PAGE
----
Her talk was titled, “Bad Statistics, Bad Reporting, Bad Impact on Patients: The Story of the PACE trial”. Rehmeyer explained to the 200-strong audience some of the problems with the trial, including the changes to the originally planned analyses of recovery rates. She showed how, with the new analyses, patients’ physical function could worsen and fall below the level required to enter the trial, and yet they would be considered to be recovered.
Rehmeyer said, “When I went through the slides showing the changes to the physical function criterion for recovery, I saw jaws drop.”
PACE was, she told the audience, “one of the most damaging cases of bad statistical practice that I have personally encountered in my years as a journalist.” It was, she said, an “object lesson in how our systems can break down. In this case there were serious breakdowns statistically, scientifically, journalistically, and in public health.” She added that patients were “being hurt by it to this day”.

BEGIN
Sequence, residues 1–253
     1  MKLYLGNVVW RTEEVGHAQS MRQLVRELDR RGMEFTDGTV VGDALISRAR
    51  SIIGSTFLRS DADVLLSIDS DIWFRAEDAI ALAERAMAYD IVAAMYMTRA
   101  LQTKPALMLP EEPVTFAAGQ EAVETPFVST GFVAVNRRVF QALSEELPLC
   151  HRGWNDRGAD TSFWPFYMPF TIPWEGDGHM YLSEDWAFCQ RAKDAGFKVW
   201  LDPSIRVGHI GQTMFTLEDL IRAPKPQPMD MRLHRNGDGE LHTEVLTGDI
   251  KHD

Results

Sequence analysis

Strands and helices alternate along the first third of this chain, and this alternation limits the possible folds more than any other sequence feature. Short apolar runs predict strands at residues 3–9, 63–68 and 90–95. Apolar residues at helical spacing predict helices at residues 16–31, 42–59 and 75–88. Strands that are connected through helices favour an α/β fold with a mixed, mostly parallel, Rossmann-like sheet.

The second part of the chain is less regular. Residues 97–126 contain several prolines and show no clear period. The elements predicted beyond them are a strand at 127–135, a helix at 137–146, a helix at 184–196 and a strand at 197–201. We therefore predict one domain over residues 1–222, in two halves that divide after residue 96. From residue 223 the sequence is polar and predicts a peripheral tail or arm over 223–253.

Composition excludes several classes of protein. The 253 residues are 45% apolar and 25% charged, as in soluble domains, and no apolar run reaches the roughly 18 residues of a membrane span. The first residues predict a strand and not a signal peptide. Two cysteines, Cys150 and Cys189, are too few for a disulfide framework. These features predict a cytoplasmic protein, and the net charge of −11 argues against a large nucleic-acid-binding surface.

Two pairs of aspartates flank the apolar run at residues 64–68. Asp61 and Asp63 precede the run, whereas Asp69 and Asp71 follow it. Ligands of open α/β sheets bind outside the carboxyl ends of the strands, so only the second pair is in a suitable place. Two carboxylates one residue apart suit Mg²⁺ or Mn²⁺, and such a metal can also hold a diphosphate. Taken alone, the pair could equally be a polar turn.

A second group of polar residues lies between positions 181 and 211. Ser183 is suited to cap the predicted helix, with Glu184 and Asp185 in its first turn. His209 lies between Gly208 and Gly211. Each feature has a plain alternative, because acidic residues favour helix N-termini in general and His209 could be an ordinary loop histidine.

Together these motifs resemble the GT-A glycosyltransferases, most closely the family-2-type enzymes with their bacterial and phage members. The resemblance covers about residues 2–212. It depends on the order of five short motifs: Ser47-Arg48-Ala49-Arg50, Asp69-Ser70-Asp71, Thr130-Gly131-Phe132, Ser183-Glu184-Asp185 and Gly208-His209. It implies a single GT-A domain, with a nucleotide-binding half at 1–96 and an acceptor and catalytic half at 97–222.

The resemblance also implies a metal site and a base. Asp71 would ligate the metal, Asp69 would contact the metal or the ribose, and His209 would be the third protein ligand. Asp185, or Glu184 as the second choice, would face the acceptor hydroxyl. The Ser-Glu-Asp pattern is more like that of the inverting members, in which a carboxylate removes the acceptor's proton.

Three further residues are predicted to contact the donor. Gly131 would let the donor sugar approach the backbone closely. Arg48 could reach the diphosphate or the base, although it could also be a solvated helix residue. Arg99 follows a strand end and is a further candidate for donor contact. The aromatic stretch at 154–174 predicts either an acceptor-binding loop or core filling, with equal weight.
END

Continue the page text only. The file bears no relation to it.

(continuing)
The Chicago conference was held jointly with the International Statistical Institute and major national statistical associations such as the American Statistical Association (ASA) and the UK’s Royal Statistical Society. Before the talk, the ASA urged delegates to attend Rehmeyer’s talk and hear “how bad statistics harm patients and our profession”.
Rehmeyer said, “I was delighted by the response of the audience…. Quite a few people came and talked to me afterward, including a couple of folks with genuine influence.”